- Uber is spending $250 million to get drivers back on the road amid a pandemic shortage.
- But Uber said it’s a “temporary situation” and that pay will decline again as the pandemic subsides.
- Uber’s business model depends on having lots of drivers competing for rides, pushing down its costs.
- See more stories on Insider’s business page.
Uber announced Wednesday it plans to spend an additional $250 million on “boosted incentives and guarantees” to persuade drivers to get back on the road amid a shortage during the COVID-19 pandemic.
“In 2020, many drivers stopped driving because they couldn’t count on getting enough trips to make it worth their time. In 2021, there are more riders requesting trips than there are drivers available to give them-making it a great time to be a driver,” Dennis Cinelli, the head of Uber’s US and Canada ride-hailing business, said in a blog post.
But Uber also warned the increased pay won’t last forever.
“We want drivers to take advantage of higher earnings now because this is likely a temporary situation. As the recovery continues, we expect more drivers will be hitting the road, which means that over time earnings will come back to pre-Covid levels,” Cinelli said.
Uber claimed in the blog post drivers in Philadelphia, Chicago, Austin, Miami, and Phoenix are currently earning pre-tip median incomes between roughly $26 and $31 per hour.
Uber has been notoriously reluctant to share driver pay data, and some independent researchers have found drivers may earn as little as $9.73 per hour after acounting for expenses.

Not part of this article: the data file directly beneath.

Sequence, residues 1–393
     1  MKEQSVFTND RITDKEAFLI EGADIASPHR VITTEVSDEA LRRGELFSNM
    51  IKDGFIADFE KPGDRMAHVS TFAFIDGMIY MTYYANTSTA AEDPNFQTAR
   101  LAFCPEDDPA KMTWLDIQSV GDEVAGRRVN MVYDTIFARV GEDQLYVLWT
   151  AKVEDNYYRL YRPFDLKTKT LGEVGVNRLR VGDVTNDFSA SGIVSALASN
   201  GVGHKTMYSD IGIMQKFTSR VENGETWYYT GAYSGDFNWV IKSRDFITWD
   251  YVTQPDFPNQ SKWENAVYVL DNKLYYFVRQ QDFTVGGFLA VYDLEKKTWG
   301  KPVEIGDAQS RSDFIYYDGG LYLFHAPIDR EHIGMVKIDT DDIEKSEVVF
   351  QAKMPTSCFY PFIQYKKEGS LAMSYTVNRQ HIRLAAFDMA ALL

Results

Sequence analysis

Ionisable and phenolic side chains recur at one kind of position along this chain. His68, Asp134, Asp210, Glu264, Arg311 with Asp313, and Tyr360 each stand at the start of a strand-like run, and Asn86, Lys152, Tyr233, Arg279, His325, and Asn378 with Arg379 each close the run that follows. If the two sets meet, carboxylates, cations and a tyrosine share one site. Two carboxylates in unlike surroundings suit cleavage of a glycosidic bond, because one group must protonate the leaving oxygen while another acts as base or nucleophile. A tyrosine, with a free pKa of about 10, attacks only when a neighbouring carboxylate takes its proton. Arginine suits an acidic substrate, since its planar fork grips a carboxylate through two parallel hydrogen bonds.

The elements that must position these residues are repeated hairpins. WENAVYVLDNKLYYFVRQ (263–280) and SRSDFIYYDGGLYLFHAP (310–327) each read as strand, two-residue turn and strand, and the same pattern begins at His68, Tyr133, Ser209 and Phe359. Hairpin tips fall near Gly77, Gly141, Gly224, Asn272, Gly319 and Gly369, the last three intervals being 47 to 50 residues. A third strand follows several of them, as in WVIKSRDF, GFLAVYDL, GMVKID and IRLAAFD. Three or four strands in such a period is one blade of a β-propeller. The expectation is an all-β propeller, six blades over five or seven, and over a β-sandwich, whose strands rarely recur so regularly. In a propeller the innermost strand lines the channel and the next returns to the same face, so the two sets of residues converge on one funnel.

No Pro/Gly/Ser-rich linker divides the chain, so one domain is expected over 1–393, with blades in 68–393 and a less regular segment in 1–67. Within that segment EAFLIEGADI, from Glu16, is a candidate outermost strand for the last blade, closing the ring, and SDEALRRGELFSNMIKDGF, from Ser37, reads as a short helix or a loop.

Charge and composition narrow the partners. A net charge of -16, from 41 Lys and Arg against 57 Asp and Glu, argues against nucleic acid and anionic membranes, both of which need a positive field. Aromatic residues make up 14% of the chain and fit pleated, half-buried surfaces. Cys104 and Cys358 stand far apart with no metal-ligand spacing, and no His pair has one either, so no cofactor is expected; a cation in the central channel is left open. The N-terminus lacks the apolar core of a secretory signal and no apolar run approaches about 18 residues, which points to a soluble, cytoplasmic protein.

But during the pandemic, many ride-hailing and food delivery drivers have seen their pay dramatically increase, due to the way Uber’s business model works.
Uber’s ability to provide on-demand rides at low prices depends on having lots of drivers active when passengers are looking for a ride. If only one driver is competing for a passenger, that driver can refuse the job until Uber’s algorithm jacks up the pay – which is esssentially what some DoorDash drivers are doing to boost their pay for food-delivery gigs.
If 100 drivers are competing for that same job, Uber can offer much lower pay and one of them will still probably do it, and therefore Uber can charge the consumer less and still make more money itself.
But the pandemic caused a massive drop in the demand for rides, and has kept many drivers – who are especially concerned about getting sick because Uber doesn’t provide healthcare or sick pay – off the road, even as rider demand returns.
That’s a bad situation for Uber, which doesn’t want riders returning to the app only to find no drivers are online and that they’re waiting 20 minutes for a ride and still paying surge pricing.
So, Uber is effectively bribing drivers to get back on the platform until there’s enough competing for those returning passengers that Uber can start whittling down driver pay again.